I feel decent – decent enough that I decide to head back down to the lower part of the course for one last time. It’s not as painful as I had feared, but it’s enough. Time passes slowly. I eat some more jerky, eat a few Cheez-its, drink some of my drink. Repeat, then repeat again. About this time, my Garmin says “Low Battery”. I stop and find out that, for some reason, the backlight is on at 65% despite it being on auto day/night. I turn off the backlight and hope that the battery will last for an hour. I’ve done some measuring, and I now that my loop on the upper part is about 3 miles, and that it’s perhaps 2 miles back to the finish, so at 88 miles I put the plan into action. I start riding with a bit more effort – as much effort as I can generate after 90 miles on the bike – and the 3 loops go by quickly. I head down to the finish line, and find I’m at 98.3 miles. A quick out-and-back trip, an few loops around the neighborhood, and the GPS says:
I get off the bike, take off my helmet, and head over to see what food is available.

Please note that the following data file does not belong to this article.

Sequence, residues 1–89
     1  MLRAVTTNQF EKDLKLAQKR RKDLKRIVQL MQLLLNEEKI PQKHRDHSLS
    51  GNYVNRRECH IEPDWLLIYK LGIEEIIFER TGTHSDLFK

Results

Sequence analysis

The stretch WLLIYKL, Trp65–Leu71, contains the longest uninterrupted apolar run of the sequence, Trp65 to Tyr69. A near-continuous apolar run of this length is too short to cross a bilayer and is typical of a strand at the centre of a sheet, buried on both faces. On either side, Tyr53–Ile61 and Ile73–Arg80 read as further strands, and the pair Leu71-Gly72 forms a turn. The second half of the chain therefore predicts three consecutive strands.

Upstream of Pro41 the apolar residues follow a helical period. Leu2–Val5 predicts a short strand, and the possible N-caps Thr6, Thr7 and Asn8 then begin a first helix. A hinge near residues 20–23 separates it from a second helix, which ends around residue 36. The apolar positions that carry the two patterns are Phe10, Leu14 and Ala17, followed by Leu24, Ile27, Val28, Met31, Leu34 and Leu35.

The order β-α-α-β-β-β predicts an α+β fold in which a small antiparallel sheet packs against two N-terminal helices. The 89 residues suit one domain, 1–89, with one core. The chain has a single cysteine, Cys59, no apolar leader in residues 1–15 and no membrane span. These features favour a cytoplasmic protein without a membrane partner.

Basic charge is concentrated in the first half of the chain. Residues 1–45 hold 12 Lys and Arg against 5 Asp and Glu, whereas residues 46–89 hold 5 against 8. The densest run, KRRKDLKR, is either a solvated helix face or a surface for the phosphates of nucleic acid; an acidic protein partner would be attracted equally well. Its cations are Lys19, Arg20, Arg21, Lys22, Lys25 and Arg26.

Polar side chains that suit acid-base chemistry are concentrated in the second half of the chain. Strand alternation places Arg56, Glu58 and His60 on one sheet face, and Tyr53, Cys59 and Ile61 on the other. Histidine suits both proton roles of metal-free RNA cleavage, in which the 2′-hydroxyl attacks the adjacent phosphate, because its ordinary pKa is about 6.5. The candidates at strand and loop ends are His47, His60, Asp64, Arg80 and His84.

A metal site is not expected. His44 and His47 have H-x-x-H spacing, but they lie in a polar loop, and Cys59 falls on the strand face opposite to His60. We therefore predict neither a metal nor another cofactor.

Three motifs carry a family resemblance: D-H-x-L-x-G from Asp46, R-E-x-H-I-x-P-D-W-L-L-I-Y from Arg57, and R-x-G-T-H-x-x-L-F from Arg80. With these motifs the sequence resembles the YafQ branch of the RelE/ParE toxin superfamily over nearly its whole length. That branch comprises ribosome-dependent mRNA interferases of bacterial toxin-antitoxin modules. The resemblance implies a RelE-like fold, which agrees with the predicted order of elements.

I grab a beer, and then a picture with Stan:
I mix up some Endurox in one of my bottles, and after drinking it I head out to find some real food.
I expected a stupid ride, and I got it. I found it nice that I could modify the route, but when there are 30 miles left and you aren’t 30 miles from the end, it’s really tempting to just pack it in, so the mental part was pretty hard for me.
The chosen route as fine except that it was in the city. Looking at my data, I had to stop approximately 7000 times for stop lights, stop signs, pets, and children playing street hockey. That doesn’t do much for your average speed, and it made it really hard to get into a groove. Most sections are only 3 minutes or so in length.
I appreciate getting some items for the food stop, but it seemed like a lot of them were just random. Perhaps molasses is a decent substitute for gel – and probably better tasting – but the salsa and mustard had me a bit confused. It would be nice to get better options here.
The jersey for the ride ran small, so I ordered a large. It’s quite a bit smaller than most of the mediums I have, so if anybody ordered a medium and it was too small, let me know.
Thanks to Elden for setting this up, and thanks to two of my riding buddies who kicked in some extra money for Camp Kesem, which I matched and which Microsoft will also match.